More broadly, WHO noted that COVAX will begin delivering COVID-19 vaccines to countries this month. “We need about $7 billion in order to deliver enough vaccine to these countries through the end of 2021. The facility has already raised about $6 billion,” said Kate O’Brien, Director, Department of Immunization, Vaccines and Biologicals, WHO. COVAX currently has access to over two billion doses of vaccine and will begin delivery “by the end of January, and if not, then certainly by early February.”
Vaccine Distribution: “Vaccines don’t save lives. Vaccinations save lives.”
As scientists continue to uncover new mutations of the virus, expediting vaccine rollout is critical. Although researchers are hopeful that all approved vaccines will be effective against the new strains, the race is on to accelerate vaccination and rein in the pandemic. The more time the virus has to spread and the more people infected, the more opportunities it has to mutate and adapt to countermeasures.
In the U.S., inconsistent approaches – like much of the country’s COVID-19 response – have plagued vaccine rollout. The U.S. CDC established guidance for vaccine prioritization following extensive evidence-based and ethical debate. Healthcare workers and long-term care facility residents are the top priority group, followed by those 75 years and older and frontline essential workers. Those considered third priority are people between 65 and 74 years old as well as those 16-64 with high-risk medical conditions, and any other essential workers.
However, some states are complaining that the “rigid” system of prioritization limits their ability to distribute the vaccine quickly. Several states have developed their own systems which vary widely and do not necessarily follow CDC guidance. Secretary of Health and Human Services Alex Azar further complicated the CDC guidance on Tuesday, January 12, by calling for states to now include individuals 65 and older as a first-tier priority. At the same time, hospitals report discarding viable vaccine doses due to FDA labeling confusion. Dr. Drew Altman, President and CEO, Kaiser Family Foundation, criticized the U.S. rollout, saying, “The system we have makes sense on paper, but it’s too complex to be effectively implemented by our fragmented, multi-layered health system.”
Vaccine distribution remains slow and varies widely state by state. It will be important to glean best practices from those health systems that have been successful thus far in their work to vaccinate their populations quickly and equitably. (Axios, January 6, 2021)
In other regions, like Israel, governments have overcome logistical challenges. The country is on track to vaccinate 25 percent of its population by the end of the month, but has been criticized because its strategy leaves out a key population: Palestinians living in the West Bank and the Gaza Strip. According to Our World in Data, the United Arab Emirates is leading the second most successful vaccination campaign, having administered vaccines to 8.35 per 100 people. The UAE is one of few countries to approve Sinopharm’s vaccine and has access to uncontested local supply.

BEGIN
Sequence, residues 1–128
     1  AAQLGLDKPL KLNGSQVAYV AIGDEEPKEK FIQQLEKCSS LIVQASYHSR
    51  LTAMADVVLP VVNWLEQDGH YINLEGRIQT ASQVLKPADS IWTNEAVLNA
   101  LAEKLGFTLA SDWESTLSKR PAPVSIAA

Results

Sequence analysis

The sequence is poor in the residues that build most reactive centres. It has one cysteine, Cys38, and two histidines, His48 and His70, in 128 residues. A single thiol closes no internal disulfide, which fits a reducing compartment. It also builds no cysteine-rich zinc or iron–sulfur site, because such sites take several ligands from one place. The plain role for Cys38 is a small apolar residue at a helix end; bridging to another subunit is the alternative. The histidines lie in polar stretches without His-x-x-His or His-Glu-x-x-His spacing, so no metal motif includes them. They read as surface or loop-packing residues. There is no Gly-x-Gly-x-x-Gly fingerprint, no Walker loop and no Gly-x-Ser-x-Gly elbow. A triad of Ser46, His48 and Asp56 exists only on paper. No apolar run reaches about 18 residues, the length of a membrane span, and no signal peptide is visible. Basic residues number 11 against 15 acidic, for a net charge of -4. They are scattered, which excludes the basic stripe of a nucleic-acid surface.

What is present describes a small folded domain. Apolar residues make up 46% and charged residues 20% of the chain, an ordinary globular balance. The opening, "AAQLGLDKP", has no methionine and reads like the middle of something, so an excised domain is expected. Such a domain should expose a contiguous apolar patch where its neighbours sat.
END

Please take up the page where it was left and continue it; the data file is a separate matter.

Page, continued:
- On Wednesday, January 6, the European Medicines Agency granted conditional authorization to Moderna’s mRNA COVID-19 vaccine. The authorization allowed Moderna to begin supplying the 160 million doses of the vaccine ordered by the European Commission in late 2020. The E.U. joins Canada, the U.S., U.K., Israel, and Switzerland in authorizing use of Moderna’s vaccine.
- Johnson & Johnson, having completed enrollment for its 45,000 person trial last month, expects to unveil initial trial results “very soon.” The adenovirus-based vaccine candidate could prove an important tool in the fight against COVID-19 since the vaccine requires only one dose and can be refrigerated safely for up to three months, making it more accessible for some resource-limited regions. If approved, J&J intends to produce nearly 1 billion doses of the vaccine by the end of 2021.
- On Tuesday, January 12, GSK and Vir Biotechnology announced a partnership with the U.K.’s National Health Service to evaluate the companies’ antibody treatment, VIR-7832, in patients with mild to moderate COVID-19. The Phase 1b/2a trial joins two other global Phase 3 trials studying the safety and efficacy of another GSK/Vir antibody treatment, VIR-7831.
From the Experts
“Science has delivered, let’s not waste the opportunity to protect lives of those most at risk and ensure all economies have a fair shot at recovery.”
Dr. Tedros Adhanom Ghebreyesus, Director-General, World Health Organization
Friday, January 8